Medical Malpractice?

Is medicine an “art” or a “science”?  What is the difference?  Consider the building of the World Trade Towers…  The strength of the materials used in their construction was well known to a high degree.  The buildings were designed to withstand natural forces such as  strong winds (think Hurricane Sandy).  There was also consideration taken regarding a fire on one of the floors.  Supposedly there was some consideration given to an airplane striking one of the buildings.  However, it appears that the engineers didn’t consider what would happen if a large airliner with full fuel tanks actually plowed straight into the buildings.  The temperature of the burning fuel eventually caused the structural steel that supported the structures to “soften” and then fail, causing the buildings to collapse down upon themselves as was vividly shown on television that day, September 11, 2001.  So we could say that the engineering of the buildings failed to withstand what supposedly they should have withstood.  There wasn’t sufficient reserve strength…

Medicine on the other hand isn’t “precise” to anywhere near the same extent as modern construction engineering is.  Structural steel of a certain grade is expected to behave in a known way under stress.  But the reaction of the human body varies a great deal in its own response to medication.  The same medicine that will perform well on one person might have adverse effects upon another person.  The cause of this is genetic variation.  Human beings each have their genetic code that is slightly different from that of any other person.  This is why we can use “DNA” as a means of identification much like fingerprints are used.  Supposedly no two people have the exact same DNA code.  Just as supposedly no two people have the same fingerprints.  Because of this, human response to medicine is not always the same.  My wife can take penicillin.  To me penicillin is a deadly poison that at one time almost cost me my life.  The reason for this is “genetic”.  So if a doctor was to inject me with a large amount of penicillin, it might well be fatal.  Would this be considered “malpractice”?  Only if the doctor knew beforehand that I was allergic to penicillin.  The same thing applies to many other medicines.  The cholesterol medication I’m on works fine on me, but doesn’t work on my wife.  Why?  Genetics.  So she has to take a different medicine for her cholesterol than I do.  What all of this means is that medicine itself is still an “art”, not a “science” where we have established knowledge as to the nature and effectiveness of the material used.  The doctor operates on “educated guesswork”, whereas the engineer works with established knowledge.  The doctor has to try out various medicines until he or she finds one that actually works.  In a Libertarian society which would not have prescription laws, the individual would have much the same problems, at least in some matters.  There is a lot of “trial and error” in medicine.  But an engineer working in construction deals with materials of known quality.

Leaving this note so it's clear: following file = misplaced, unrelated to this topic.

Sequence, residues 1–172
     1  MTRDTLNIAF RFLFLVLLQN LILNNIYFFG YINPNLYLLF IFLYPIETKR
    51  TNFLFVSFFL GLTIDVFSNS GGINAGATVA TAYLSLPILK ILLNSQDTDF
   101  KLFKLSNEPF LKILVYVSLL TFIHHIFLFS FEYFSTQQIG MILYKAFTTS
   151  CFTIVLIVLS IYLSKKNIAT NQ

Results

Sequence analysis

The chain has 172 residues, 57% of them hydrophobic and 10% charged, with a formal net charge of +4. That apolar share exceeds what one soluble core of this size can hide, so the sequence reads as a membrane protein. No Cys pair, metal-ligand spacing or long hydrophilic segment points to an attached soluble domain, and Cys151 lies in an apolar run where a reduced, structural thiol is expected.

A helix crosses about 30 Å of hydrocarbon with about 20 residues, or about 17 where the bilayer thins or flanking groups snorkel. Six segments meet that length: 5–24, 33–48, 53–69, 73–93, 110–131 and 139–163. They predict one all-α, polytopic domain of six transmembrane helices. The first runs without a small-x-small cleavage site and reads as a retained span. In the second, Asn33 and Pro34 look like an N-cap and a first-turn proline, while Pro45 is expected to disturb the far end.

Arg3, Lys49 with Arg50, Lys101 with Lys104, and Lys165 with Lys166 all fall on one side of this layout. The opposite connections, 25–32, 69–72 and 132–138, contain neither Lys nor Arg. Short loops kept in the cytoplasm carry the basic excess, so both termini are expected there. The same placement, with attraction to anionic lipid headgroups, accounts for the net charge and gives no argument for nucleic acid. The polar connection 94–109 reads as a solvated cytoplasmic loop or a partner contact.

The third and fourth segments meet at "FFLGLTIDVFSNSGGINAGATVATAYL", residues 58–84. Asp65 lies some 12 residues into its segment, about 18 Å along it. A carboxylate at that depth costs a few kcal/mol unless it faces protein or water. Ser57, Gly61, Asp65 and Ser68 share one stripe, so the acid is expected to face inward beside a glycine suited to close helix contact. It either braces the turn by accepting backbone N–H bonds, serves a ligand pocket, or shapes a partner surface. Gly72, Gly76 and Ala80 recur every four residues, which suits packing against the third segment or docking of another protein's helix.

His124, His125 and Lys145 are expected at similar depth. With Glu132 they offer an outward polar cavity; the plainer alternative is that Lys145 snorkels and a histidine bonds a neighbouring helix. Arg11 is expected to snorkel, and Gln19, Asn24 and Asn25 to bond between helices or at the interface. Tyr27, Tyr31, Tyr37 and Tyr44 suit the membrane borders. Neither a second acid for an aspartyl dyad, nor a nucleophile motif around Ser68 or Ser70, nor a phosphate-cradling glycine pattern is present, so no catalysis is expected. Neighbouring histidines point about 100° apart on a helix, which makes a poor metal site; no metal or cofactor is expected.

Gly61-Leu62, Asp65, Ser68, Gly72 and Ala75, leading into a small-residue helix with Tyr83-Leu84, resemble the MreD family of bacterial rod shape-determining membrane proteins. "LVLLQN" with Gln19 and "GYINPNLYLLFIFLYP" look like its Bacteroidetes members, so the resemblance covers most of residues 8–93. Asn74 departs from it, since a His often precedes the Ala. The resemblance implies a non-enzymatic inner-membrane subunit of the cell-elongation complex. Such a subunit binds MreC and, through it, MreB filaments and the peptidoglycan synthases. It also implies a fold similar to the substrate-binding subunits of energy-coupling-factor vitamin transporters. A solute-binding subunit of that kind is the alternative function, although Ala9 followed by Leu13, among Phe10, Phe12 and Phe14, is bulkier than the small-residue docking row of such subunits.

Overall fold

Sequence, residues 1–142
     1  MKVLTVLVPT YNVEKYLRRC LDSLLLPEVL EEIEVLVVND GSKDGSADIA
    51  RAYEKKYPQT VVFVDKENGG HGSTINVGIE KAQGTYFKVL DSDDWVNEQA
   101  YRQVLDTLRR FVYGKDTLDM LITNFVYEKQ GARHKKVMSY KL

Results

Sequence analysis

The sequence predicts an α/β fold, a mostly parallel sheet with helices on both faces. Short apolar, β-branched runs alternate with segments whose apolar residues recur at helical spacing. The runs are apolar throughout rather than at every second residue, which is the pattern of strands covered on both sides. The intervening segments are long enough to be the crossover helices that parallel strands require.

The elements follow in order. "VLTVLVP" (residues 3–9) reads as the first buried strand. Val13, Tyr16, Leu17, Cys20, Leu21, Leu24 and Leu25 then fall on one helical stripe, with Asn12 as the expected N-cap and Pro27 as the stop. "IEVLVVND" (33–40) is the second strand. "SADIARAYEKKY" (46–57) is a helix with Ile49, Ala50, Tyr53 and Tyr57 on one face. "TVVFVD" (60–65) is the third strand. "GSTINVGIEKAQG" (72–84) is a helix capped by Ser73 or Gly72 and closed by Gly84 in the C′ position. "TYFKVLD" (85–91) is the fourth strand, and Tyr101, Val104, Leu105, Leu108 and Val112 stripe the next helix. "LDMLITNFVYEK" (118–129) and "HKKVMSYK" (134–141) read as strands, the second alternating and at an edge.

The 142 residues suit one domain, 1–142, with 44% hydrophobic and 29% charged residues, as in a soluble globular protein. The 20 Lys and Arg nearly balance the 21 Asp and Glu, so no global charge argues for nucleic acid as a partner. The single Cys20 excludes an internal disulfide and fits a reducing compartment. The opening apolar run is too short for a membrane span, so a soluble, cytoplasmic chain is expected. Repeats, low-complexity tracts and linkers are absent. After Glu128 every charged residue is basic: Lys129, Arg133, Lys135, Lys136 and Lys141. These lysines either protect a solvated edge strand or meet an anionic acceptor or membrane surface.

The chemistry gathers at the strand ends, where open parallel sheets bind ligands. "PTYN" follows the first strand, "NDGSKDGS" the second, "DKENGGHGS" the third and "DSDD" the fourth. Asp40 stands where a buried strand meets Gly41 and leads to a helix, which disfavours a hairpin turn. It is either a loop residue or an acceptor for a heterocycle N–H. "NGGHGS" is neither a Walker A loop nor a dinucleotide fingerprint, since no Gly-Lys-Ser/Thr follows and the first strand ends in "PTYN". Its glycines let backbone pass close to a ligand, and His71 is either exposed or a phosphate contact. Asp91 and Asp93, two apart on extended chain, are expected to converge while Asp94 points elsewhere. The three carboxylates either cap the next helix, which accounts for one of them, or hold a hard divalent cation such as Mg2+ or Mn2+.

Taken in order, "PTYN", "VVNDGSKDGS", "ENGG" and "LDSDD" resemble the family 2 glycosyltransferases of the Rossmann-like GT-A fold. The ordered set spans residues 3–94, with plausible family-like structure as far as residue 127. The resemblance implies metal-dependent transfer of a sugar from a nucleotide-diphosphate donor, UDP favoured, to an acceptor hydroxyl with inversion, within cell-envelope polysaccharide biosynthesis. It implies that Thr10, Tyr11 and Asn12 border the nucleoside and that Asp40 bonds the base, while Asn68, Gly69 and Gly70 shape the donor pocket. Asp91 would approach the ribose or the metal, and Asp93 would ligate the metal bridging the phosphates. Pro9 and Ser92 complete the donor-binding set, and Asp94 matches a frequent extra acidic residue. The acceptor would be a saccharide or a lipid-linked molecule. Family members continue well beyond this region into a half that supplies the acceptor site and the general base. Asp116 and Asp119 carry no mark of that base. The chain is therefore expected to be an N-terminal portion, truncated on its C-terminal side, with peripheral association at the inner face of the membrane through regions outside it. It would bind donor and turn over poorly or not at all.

The closest thing we could have in medicine that would be “malpractice” would be a failure to take necessary precautions based upon what knowledge was available.  Which is an entirely different issue than what we’d have in dealing with a similar problem in engineering.  What we have in medicine is a very large “gray area” where nothing is really “cut and dried”.  A place where “educated guesswork” is the best anyone can be expected to do!  It is past due time that this fact was realized by legislatures that deal with “malpractice”…



About muskegonlibertarian

77 year old retired owner of a security guard agency. Member of the Libertarian Party.
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